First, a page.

“She’s zeitgeist in a bottle,” Coty Inc. CEO Bernd Beetz said of Lady Gaga last month to WWD during an interview about the superstar’s first perfume, Fame. Beetz, whose company licenses the fragrance, is likely not surprised by how popular Fame has already become, even though it wasn’t released in stores until today. Unlike some celebrities who slap their name on any ol’ bottle of whatever, Gaga has always seemed genuinely invested in developing and marketing Fame. It is her own Haus Laboratories, after all, that worked with Coty to create the scent’s signature black color. Gaga, whose official partnership with Coty began almost two years ago, has been publicly enthusiastic (and controversial) about the project from the beginning, and, over the past few weeks, even managed to fit in a series of international appearances to promote the scent during her world tour. Much more than for most, Fame appears to be a real labor of love for the singer.
Nothing about Lady Gaga just happens, though, and this fragrance is no exception. From the perfume’s bottle (inspired by the singer’s 2011 Grammy “egg” entrance and photographer friend Nick Knight) and its “black water technology” (patent pending) to the sleek, almost NSFW promotional video produced by film director Ridley Scott and shot by Steven Klein, the launch of Fame was orchestrated with precision–and with all of Gaga’s millions of Little Monsters in mind.
Because celebrities have such large social media presences — especially Lady Gaga, who currently has more than 53 million “likes” on Facebook and almost 29 million followers on Twitter — the consumer-transaction potential for a product that almost anyone can afford ($42-$79, in this case) is extremely high. What we know from the research in our Digital IQ Index: Fragrance report, however, is that celebrities’ fragrance pages on these platforms are relative ghost-towns. As you can see in the image above, even Lady Gaga’s fragrance page failed to launch, amassing a paltry 3,160 “likes” over several months. In our research, we discovered that on Facebook, celebrities’ personal pages (whose average Facebook “likes” are around 8.8 million) hadn’t mentioned their fragrances in over 120 days. Lady Gaga did slightly better than this, having last mentioned Fame (the video, though, not the perfume itself) five days ago on August 17th. But today, the day of its release, the singer posted twice, neither update having anything to do with her fragrance.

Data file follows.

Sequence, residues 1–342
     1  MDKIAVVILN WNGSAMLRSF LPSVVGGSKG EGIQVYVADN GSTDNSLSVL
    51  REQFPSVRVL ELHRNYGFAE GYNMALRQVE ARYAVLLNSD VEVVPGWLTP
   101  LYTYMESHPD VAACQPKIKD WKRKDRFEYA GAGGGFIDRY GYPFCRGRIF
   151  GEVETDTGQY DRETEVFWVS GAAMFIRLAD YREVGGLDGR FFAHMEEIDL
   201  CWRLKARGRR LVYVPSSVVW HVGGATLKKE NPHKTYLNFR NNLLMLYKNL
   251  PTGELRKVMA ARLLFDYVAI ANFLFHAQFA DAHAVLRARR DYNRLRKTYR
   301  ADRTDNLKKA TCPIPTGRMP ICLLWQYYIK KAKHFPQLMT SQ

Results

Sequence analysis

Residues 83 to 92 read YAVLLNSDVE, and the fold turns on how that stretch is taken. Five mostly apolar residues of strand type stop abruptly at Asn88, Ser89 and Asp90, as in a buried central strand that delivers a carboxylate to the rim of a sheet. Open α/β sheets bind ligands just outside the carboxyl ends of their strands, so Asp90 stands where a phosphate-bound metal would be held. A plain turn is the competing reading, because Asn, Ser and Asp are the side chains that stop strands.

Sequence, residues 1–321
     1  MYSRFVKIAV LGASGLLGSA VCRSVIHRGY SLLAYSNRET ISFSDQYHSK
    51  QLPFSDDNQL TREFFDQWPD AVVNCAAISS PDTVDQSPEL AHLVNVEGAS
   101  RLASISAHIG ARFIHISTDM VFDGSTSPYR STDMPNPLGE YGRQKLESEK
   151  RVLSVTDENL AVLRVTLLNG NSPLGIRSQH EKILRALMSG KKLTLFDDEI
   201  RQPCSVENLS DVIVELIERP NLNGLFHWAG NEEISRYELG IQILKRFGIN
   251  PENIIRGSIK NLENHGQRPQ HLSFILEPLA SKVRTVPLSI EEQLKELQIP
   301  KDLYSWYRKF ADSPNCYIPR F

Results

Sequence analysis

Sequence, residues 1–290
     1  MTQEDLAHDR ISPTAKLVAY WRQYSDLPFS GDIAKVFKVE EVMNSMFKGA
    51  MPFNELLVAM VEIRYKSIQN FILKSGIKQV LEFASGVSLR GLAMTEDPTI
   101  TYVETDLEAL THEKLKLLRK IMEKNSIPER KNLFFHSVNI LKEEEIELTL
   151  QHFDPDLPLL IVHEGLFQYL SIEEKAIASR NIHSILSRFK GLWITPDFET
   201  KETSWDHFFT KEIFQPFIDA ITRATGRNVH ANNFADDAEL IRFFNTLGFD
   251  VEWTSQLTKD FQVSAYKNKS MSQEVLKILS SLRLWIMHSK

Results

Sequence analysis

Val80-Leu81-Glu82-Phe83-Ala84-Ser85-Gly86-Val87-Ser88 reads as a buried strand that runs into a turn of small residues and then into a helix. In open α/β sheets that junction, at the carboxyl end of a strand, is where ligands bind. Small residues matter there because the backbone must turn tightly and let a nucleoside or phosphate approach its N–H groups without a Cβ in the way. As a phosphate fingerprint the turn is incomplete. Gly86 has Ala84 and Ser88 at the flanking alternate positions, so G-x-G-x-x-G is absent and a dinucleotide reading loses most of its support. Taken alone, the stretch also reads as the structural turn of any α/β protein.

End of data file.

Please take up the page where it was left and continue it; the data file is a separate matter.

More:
Also nowhere to be seen on Gaga’s Facebook or Twitter pages: a link to any one of the dozens of retailers selling Fame online as of today. This easy to avoid omission, unfortunately, aligns with what we found during our data collection. On Facebook, celebrities link to e-commerce options for their fragrances just 50 percent of the time–significantly less than owned brands and other licensed brands, who do so 76 percent and 83 percent of the time, respectively.
Fame may already be a viral success (especially on YouTube), but only time will tell if the hype translates to retail success. With Lady Gaga’s access to tens of millions of eager fans across the world — not to mention her demonstrated investment and belief in this fragrance — she would be well-advised to leverage her influence more effectively via social media channels.